There was a time when parents of newborn babies would be presented a gift from a manufacturer of infant formula — a gift containing formula samples and coupons for discounts of the same formula at the grocery store. (Sometimes they added other goodies, like a stuffed teddy bear, a book on infant care, or a diaper bag!) Some parents liked these freebies. Even those who left the hospital breastfeeding their new babies appreciated the other goodies, as well as the “just in case” formula samples. It was a clever marketing strategy. However, recent research suggests that those days of free samples may be coming to an end.

The American Academy of Pediatrics recommends that mothers breastfeed their babies exclusively for the first six months of life. (As we’ve learned here on The PediaBlog, it’s best to begin spoon-feeding pureed foods beginning at six months old.) However, only about 19% of American babies are currently fed according to this guideline. Even before baby foods are given, formula is being introduced as a supplement to, or a replacement for, breast milk, before the six-month mark.

Various studies have shown that infant formula discharge packs hamper successful breastfeeding. For the past several years, health advocacy groups and physician organizations like the AAP have pushed for a stop to the distribution of these discharge packs. Hospitals and newborn nurseries have apparently been listening. A study published in Pediatrics last month found that the percentage of hospitals distributing infant formula discharge packs declined dramatically from 73% in 2007 to 32% in 2013. The largest decreases were seen in teaching hospitals and obstetrical units with more than 5,000 births per year. In Pennsylvania, fewer than half of hospitals with newborn nurseries distribute discharge packs; for 22 other states, the District of Columbia, and Puerto Rico, fewer than one-quarter distribute the samples.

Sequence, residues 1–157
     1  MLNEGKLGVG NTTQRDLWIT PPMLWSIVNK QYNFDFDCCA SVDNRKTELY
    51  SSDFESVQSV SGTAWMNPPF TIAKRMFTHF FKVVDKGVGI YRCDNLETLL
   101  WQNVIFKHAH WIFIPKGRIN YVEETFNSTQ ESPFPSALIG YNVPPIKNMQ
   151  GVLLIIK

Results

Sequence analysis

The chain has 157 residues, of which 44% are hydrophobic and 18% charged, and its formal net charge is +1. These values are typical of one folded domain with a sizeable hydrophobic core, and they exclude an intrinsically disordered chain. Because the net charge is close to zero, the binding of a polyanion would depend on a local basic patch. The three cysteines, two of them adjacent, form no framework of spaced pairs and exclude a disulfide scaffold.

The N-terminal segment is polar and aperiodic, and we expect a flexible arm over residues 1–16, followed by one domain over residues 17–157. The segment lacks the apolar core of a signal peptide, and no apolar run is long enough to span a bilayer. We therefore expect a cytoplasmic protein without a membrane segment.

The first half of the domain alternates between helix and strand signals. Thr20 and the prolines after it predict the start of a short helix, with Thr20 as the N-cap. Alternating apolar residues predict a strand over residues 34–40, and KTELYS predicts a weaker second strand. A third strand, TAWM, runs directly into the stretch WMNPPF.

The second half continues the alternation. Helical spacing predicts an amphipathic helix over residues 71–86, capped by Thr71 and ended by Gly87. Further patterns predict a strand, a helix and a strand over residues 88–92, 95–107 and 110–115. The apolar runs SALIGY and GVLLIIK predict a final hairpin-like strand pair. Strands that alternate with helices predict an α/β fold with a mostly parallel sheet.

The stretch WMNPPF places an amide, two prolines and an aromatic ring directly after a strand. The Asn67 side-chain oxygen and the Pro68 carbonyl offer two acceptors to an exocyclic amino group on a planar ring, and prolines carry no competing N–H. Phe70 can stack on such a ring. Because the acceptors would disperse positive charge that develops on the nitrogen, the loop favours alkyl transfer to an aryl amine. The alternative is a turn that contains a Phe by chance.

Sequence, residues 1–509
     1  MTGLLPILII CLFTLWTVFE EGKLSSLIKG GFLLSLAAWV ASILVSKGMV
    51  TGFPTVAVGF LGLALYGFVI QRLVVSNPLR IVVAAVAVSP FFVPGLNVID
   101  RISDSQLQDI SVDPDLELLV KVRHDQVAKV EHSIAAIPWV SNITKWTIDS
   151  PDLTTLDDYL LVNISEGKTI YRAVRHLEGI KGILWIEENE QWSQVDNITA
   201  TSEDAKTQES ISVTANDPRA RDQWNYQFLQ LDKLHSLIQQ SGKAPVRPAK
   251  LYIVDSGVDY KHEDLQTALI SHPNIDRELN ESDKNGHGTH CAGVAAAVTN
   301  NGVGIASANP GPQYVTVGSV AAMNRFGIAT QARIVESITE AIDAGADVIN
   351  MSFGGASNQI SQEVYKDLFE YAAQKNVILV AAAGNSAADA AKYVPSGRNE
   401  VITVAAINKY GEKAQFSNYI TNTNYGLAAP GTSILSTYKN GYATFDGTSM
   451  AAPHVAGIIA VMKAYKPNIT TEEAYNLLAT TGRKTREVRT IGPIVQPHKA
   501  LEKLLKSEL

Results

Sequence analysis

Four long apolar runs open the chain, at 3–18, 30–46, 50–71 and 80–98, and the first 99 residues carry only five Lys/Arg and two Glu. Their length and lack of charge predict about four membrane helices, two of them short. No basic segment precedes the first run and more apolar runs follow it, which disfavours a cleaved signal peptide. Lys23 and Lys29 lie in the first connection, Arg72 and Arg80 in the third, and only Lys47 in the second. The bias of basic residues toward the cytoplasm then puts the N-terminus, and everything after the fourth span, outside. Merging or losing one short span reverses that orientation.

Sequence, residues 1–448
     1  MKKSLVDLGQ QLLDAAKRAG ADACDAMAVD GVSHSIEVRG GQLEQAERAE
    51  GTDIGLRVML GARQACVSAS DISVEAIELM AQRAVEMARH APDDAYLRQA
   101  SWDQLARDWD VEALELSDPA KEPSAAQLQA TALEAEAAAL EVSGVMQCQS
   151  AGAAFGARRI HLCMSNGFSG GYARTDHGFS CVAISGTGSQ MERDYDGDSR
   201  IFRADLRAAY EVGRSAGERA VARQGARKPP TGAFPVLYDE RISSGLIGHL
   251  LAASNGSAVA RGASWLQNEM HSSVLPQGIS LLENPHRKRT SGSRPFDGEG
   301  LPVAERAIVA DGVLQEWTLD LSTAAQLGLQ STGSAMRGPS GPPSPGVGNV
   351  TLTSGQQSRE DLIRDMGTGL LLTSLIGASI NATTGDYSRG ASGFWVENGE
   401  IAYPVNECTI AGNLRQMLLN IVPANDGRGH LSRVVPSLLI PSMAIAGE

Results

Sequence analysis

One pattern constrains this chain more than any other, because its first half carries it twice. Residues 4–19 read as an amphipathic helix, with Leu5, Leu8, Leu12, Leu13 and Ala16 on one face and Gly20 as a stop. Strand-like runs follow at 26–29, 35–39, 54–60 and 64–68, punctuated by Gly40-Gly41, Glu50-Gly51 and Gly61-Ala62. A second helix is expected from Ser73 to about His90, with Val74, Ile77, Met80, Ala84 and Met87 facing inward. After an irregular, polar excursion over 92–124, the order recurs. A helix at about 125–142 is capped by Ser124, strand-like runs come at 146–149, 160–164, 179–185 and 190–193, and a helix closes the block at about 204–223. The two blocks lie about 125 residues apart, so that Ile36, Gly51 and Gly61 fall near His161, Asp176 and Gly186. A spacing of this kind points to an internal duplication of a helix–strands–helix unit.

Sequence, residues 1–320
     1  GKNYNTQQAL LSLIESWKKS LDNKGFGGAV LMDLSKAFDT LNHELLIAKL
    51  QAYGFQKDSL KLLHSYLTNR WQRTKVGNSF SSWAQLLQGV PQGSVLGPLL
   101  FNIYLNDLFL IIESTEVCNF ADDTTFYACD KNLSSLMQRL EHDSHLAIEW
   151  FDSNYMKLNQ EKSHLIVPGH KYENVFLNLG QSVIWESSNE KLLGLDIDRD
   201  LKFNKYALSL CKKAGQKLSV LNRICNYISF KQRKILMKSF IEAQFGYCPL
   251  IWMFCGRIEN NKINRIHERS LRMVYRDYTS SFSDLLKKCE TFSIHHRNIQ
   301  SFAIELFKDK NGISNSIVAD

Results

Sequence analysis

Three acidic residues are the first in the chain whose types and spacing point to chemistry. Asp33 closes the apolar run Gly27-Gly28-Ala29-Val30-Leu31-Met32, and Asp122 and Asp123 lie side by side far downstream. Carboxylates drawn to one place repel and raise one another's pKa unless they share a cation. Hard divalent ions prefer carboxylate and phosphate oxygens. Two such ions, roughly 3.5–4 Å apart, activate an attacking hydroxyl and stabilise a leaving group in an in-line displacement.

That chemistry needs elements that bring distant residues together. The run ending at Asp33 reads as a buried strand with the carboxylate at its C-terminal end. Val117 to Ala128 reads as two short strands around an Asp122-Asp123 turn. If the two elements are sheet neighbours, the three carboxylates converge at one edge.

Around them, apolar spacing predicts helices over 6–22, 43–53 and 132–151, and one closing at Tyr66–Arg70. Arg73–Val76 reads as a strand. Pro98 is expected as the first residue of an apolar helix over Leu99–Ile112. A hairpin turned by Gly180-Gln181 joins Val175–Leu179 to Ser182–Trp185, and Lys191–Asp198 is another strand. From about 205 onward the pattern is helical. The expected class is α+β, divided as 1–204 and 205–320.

It’s important to note that all newborn nurseries still have samples of formula to give babies if their mothers either can’t, or choose not to, breastfeed. These situations are where infant formula discharge packs would be most appropriate, and welcomed, by mothers. But for mothers who are committed to nursing their babies for the first six months (and beyond), there is no advantage for them to bring home a bag of formula.

There are other obstacles, of course, that can cause new mothers who really want to breastfeed to abandon the effort before six months of age, including family pressure (there’s only so much a first-time mom can take when grandma is scolding her for “starving the baby”), the pressure to get back to the workplace (12 weeks of paid family leave sounds about right to me), or the pressure to find privacy, cleanliness, and respect in the workplace in order to pump and save breast milk. In my opinion, those three reasons for why new mothers drop breastfeeding are more important than whether or not they receive some gift samples of formula before they leave the hospital with a newborn baby. Still, anything that promotes successful breastfeeding is a step in the right direction — for mothers, for babies, and for society.